Let’s get one thing straight (again): price caps won’t help, and almost surely will make things worse. Sure, we understand the motivation behind putting a government-sanctioned ceiling on what someone can charge for widgets, apples, or (to pick a commodity at random) gasoline.
The latter, of course, is a topical subject at the moment when it comes to the latest effort to circumvent, manipulate and otherwise ignore the forces of supply and demand. Hawaii’s Public Utilities Commission on Wednesday announced price caps for gasoline in the state. The new law, which says wholesalers can charge no more than $2.16 a gallon for regular or roughly $2.74 when taxes are included, takes effect September 1. Maybe it’s the isolation mindset that comes from living in the middle of the Pacific. Or, perhaps it’s the fact that Hawaii suffers from the highest gas prices of any state. But whatever the reason, facts are still facts.
Indeed, the heart may agree with Hawaii’s decision, but the head is apoplectic over the news. History is vague on many subjects, but when it comes to price caps–and price floors, for that matter—the evidence is pretty clear: don’t try this at home.
The basics for understanding why price caps are the regulatory equivalent of a wet rag can be found in countless real-world examples. Type “price caps” into Google and see for yourself. Here’s but one instance of how price caps ultimately conspired to make a bad situation worse. Remember the electricity crisis in California in the summer of 2000? A quick refresher: electricity became scarce in no small part because regulators decided to impose a price cap. As Adrian Moore and Lynne Kiesling have written, those price caps were “a recipe for blackouts and higher long-run costs.”
In fact, the result is almost always the same whenever price caps rear their ugly head. There’s no great mystery as to why. Price caps create a disincentive to increase supply. And since price caps are usually dispatched in times of supply shortages and (surprise, surprise) high prices, the notion of further restricting supply is up there with such brilliant ideas as the Fed’s restrictive money supply policy in the early 1930s. Throwing gasoline on a fire, in other words, has the usual effect.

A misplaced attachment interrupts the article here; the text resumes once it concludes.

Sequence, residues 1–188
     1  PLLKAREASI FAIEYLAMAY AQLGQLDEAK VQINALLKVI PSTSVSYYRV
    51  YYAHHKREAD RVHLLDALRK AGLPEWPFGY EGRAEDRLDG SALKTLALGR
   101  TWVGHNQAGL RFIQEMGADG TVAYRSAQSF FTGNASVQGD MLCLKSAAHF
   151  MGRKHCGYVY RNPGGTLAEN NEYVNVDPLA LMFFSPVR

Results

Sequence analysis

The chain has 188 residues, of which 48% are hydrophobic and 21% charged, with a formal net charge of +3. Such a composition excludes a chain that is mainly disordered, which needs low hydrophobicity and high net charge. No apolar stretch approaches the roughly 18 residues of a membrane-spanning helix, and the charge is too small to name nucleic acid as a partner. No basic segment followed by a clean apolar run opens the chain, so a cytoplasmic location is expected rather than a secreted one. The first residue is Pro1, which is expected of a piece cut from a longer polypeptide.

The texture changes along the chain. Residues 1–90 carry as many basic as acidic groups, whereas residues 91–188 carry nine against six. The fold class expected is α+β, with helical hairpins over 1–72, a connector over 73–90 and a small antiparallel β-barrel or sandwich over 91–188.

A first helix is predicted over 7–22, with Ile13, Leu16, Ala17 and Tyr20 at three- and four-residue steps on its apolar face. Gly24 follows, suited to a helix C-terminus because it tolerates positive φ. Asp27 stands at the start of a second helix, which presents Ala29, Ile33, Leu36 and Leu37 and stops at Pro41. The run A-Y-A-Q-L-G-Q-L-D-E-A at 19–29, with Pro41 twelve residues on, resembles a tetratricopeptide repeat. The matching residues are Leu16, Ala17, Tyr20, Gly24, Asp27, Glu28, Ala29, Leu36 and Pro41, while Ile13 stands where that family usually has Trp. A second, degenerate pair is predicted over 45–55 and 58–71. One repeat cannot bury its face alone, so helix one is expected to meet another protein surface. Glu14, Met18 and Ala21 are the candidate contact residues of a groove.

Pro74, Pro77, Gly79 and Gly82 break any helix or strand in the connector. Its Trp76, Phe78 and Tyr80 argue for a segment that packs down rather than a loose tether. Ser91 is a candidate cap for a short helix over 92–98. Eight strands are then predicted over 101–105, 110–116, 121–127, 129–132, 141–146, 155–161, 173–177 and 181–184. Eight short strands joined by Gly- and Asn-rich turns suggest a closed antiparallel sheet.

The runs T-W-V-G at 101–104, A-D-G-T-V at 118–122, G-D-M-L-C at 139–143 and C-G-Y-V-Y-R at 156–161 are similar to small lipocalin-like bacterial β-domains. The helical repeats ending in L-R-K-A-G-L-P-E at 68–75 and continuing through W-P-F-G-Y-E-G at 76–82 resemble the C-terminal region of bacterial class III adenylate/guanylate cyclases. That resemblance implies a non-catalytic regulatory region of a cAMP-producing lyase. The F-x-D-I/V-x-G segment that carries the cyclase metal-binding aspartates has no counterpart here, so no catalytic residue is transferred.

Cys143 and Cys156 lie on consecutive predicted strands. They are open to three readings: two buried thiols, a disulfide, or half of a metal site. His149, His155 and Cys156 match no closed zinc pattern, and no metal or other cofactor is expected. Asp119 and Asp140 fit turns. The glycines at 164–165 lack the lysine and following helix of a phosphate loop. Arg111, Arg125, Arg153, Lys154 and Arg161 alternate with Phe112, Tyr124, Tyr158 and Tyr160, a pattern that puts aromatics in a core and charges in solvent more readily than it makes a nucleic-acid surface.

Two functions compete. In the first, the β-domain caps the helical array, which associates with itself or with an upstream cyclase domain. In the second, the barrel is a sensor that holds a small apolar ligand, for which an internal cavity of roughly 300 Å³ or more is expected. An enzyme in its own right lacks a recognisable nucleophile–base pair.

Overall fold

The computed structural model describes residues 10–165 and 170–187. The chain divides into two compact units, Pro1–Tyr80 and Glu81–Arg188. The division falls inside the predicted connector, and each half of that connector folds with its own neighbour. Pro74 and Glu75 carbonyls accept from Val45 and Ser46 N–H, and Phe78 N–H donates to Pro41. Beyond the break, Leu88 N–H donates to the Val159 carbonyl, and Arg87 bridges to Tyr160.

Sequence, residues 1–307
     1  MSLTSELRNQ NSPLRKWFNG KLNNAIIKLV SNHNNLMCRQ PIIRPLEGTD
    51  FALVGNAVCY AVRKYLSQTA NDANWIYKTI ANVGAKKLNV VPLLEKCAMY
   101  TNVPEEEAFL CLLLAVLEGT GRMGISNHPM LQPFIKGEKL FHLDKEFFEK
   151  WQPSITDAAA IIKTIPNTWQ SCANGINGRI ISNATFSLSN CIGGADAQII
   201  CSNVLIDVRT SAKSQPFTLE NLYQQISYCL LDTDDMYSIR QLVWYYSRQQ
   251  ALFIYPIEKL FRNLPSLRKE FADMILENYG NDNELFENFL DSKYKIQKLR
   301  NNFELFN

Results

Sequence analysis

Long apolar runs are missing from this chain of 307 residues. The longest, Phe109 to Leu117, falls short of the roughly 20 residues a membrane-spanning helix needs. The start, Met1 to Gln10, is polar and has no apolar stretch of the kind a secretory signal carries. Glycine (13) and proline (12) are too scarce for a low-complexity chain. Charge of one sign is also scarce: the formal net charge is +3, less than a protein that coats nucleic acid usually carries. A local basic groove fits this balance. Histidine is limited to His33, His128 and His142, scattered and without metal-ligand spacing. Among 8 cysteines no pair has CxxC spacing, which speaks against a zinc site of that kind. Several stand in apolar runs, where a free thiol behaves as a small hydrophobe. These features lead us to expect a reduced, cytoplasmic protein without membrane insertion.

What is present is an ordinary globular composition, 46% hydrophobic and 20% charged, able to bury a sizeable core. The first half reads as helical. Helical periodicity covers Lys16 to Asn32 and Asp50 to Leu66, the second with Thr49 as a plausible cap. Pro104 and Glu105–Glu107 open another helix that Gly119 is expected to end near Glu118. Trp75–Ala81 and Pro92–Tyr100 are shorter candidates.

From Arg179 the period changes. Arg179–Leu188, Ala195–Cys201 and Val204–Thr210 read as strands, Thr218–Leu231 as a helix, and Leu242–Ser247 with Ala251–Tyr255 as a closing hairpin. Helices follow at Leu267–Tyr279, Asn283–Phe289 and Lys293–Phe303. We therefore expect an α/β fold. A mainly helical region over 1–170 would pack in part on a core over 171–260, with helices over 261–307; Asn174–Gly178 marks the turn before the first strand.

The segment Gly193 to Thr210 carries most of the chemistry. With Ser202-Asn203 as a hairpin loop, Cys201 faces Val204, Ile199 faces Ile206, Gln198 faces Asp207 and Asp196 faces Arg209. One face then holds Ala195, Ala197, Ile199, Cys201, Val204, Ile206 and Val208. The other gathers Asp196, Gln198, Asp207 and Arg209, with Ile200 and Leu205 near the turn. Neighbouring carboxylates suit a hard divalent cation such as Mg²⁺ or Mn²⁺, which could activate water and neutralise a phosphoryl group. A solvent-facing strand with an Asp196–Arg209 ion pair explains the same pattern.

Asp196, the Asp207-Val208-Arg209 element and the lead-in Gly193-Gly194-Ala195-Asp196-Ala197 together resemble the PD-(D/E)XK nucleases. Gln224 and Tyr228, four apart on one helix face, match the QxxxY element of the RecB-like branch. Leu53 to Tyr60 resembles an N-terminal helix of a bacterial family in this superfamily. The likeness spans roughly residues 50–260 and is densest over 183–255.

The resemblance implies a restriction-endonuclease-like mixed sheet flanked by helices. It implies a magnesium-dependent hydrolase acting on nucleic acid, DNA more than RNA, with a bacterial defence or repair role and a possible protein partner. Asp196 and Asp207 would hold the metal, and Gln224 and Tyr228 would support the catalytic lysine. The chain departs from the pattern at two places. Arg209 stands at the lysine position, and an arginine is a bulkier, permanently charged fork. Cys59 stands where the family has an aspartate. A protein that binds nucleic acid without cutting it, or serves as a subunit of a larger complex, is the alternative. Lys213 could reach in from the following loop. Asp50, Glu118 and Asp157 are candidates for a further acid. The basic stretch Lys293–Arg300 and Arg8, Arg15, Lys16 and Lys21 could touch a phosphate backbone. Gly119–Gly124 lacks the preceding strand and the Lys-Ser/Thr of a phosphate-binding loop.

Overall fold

But hope, albeit a misguided hope, springs eternal. What, we wonder, does Hawaii expect to find at the end of the price-cap rainbow? Yes, escalating gasoline prices are taking a toll on consumers, especially those with lower incomes. But is the prospect of dramatically lower quantities of gasoline a solution?
Economics teaches that you can control price or quantity, but not both at the same time. Hawaii’s regulators either don’t know that, or choose to ignore it.
As for trying to figure out a better solution, that starts with looking at the facts. Fact one: the absence of price caps didn’t get us into the current energy mess, and the imposition of said caps won’t get us out. The real solution lies elsewhere, which includes such things as building more gasoline refineries, and enacting legislation that creates incentives, if not mandates more efficient energy use. Of course it’s easier to announce price caps, and then go home and declare victory.
Meanwhile, informed minds can argue about what’s the best way to proceed in what some are calling the post-oil era. This much is clear: price caps not only won’t help facilitate the transition to a post-oil era, they’re likely to delay the process. Prices in a free market deliver signals about how society values commodities and services and, by extension, the related alternatives to using those commodities and services. To the extent the government steps in and second guesses the market and effectively tells society that gasoline is worth less than its free-market price, that creates new but ill-advised incentives and disincentives.
Since the Nixon administration, the United States has talked a good game about reducing oil imports and becoming energy independent. But it’s been mostly talk, as the millions of SUVs on the road attest while oil prices reside north of $67 a barrel. One of the reasons America’s energy policy has made little, if any progress since the first oil crisis of 1973-74 is that the incentive to do something else has been missing in action. In other words, gasoline costs have remained, until recently, low in inflation-adjusted terms.
Bending over backwards to keep gasoline prices low scratches an immediate political and consumer itch, but in the long run it boils down to this: the post-oil age will only commence in earnest when the pain of doing nothing exceeds the anxiety that comes with trying something new. We’re not advocating higher gasoline prices by any means (we drive too!), but supply and demand don’t lie. That said, it behooves a great nation to figure out how we get from here to there, even if it’s one state at a time.